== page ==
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Brain Connections Show More Symmetry Between Hemispheres in People With Autism

Summary: A new study identifies differences in brain connectivity in people with ASD compared to their typically developing peers.

Source: SDSU.

Divvying up tasks between the left and right hemispheres of the brain is one of the hallmarks of typical brain development. The left hemisphere, for instance, is involved in analyzing specific details of a situation, while the right hemisphere is involved in integrating all the various streams of information coming into the brain.

A new study by neuropsychologists at San Diego State University suggests that in people with autism spectrum disorder (ASD), the brains’ hemispheres are less likely to specialize one way or another. The finding gives further insight into how brain development in people with ASD contributes to the disorder’s cognitive characteristics.

The study, led by Ralph-Axel Müller, Ruth Carper and Jeffrey Treiber of SDSU’s Brain Development Imaging Lab, investigated how connections within the brain develop differently in children and adolescents with ASD than in their typically developing peers. Using a magnetic resonance imaging (MRI) technique known as diffusion tensor imaging, the team studied the brains of 41 participants with ASD and 44 without, examining how densely connections formed between different regions of white matter in the brain.

They found that in typically developing young people, the right brain hemispheres had densely packed connections.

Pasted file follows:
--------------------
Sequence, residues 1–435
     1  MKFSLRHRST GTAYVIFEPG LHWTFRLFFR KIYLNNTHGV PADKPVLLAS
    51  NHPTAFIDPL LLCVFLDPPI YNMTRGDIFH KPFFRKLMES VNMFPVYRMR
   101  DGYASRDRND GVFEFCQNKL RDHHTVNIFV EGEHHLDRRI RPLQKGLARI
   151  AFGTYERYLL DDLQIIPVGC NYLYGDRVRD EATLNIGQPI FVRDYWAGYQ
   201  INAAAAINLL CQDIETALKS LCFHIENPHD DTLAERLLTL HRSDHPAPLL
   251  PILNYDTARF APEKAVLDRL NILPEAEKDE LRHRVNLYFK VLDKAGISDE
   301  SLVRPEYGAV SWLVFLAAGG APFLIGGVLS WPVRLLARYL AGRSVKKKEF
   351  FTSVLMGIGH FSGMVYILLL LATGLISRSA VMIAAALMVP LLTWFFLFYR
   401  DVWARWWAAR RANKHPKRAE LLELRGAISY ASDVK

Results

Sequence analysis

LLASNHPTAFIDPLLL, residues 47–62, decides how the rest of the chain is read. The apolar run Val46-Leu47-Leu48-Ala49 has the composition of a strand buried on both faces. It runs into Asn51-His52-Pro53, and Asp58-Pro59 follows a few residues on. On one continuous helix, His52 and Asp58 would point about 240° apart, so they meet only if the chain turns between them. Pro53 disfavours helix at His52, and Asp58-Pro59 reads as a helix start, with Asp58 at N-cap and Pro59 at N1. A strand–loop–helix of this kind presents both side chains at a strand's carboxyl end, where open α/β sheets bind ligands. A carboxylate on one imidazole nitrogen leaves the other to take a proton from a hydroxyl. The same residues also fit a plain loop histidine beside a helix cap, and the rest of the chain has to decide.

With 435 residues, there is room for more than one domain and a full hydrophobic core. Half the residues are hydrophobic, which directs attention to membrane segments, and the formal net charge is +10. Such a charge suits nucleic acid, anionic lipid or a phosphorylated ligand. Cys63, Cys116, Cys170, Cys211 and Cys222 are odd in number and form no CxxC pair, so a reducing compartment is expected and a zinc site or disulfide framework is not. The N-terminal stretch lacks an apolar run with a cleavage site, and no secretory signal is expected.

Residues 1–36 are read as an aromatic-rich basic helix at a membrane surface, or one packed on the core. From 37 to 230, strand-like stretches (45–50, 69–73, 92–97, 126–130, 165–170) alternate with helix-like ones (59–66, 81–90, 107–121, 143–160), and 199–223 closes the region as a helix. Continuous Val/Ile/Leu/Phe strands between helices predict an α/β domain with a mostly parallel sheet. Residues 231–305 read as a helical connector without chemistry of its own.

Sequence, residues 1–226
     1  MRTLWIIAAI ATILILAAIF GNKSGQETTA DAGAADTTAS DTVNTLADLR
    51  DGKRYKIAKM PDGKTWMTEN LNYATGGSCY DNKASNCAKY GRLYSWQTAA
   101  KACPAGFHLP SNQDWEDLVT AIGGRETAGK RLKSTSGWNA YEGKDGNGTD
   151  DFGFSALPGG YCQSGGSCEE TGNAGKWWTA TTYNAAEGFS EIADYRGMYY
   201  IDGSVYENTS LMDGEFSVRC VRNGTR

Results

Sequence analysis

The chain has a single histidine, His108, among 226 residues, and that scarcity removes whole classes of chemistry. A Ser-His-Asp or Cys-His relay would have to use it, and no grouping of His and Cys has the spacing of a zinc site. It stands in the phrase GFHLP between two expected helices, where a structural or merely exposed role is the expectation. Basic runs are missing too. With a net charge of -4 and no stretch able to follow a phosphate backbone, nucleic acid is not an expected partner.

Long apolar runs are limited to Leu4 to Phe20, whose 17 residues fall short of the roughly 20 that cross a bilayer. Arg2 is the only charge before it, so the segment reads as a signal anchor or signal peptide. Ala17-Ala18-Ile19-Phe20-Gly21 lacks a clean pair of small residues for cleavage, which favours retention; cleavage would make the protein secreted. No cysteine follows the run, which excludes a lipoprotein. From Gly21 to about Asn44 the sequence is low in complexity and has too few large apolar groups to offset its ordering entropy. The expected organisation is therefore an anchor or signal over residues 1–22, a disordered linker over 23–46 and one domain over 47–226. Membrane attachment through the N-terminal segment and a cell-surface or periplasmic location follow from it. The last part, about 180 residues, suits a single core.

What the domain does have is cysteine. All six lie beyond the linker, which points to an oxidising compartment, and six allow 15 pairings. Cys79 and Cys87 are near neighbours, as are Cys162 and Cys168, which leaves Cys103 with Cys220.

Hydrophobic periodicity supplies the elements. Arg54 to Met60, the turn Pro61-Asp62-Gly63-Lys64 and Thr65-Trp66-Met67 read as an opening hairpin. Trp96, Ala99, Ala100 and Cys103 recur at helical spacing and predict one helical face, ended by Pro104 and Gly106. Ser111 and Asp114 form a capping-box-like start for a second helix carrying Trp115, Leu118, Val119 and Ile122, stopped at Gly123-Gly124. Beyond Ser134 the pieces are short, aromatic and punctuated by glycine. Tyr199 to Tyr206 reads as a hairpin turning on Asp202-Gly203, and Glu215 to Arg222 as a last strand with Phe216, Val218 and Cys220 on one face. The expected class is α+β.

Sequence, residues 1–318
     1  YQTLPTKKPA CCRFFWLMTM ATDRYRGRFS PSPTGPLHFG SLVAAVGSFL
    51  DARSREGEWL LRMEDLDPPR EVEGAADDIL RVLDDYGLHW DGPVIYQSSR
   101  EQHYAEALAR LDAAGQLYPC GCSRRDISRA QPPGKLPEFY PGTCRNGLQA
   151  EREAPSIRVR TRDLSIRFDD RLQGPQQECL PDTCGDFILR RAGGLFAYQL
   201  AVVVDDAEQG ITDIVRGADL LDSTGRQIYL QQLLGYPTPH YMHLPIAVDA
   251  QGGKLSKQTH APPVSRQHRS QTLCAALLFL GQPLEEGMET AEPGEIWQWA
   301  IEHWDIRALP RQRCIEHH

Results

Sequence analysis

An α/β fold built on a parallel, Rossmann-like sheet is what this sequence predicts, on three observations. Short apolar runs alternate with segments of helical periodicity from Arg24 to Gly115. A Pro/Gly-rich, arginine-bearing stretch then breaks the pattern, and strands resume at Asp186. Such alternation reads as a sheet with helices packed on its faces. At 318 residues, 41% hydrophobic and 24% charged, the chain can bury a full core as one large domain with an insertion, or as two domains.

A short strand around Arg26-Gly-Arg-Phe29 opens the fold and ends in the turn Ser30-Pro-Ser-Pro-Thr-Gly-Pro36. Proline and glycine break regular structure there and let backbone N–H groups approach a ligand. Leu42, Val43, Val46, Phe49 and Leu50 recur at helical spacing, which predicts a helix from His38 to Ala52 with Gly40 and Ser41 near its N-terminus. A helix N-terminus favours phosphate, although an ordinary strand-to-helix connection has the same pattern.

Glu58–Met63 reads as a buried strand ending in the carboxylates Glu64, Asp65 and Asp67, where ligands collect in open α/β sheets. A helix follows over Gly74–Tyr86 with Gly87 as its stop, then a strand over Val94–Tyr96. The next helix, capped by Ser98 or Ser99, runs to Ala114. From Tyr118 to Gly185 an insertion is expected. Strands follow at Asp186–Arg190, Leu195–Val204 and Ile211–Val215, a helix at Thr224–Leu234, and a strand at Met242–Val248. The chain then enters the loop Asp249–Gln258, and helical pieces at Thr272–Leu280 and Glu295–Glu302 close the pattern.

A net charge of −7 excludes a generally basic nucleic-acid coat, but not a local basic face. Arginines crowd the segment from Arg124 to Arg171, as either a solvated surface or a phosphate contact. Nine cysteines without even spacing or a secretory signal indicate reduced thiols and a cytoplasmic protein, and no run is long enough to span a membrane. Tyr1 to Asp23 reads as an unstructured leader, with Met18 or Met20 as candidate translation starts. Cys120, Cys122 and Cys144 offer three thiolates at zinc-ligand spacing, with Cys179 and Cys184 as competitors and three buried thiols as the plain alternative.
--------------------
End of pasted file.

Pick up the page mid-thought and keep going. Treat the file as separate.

“This fits with the idea that the right hemisphere has a more integrative function, bringing together many kinds of information,” the team wrote in a summary of their research.

However, in the participants with ASD, these brain connections were more evenly distributed across both hemispheres. The findings are published in the December issue of the Journal of the American Academy of Child & Adolescent Psychiatry.

Image shows MRI brain scans.

MRI scans revealed that connections between white matter in the brains of young people with autism were more symmetrical across hemispheres. NeuroscienceNews.com image is credited to Ralph-Axel Müller.

“The idea behind asymmetry in the brain is that there is a division of labor between the two hemispheres,” Müller said. “It appears this division of labor is reduced in people with autism spectrum disorder.”

That lack of specialization could manifest itself in what Müller calls “weak central coherence” — a concept best summed up in the idiom, “not seeing the forest for the trees.” Many people with ASD are very good at seeing details but have difficulty putting it all together into a cohesive narrative, he explained.

More research is needed to determine whether these brain-connection asymmetries cause this inability to cohesively assemble information, or are actually the result of it, Müller added. That and other future research will benefit from SDSU’s first imaging facility, which will play a central role within the Engineering and Interdisciplinary Sciences Complex, scheduled to open in 2018. The facility’s MRI machine will be installed early next year.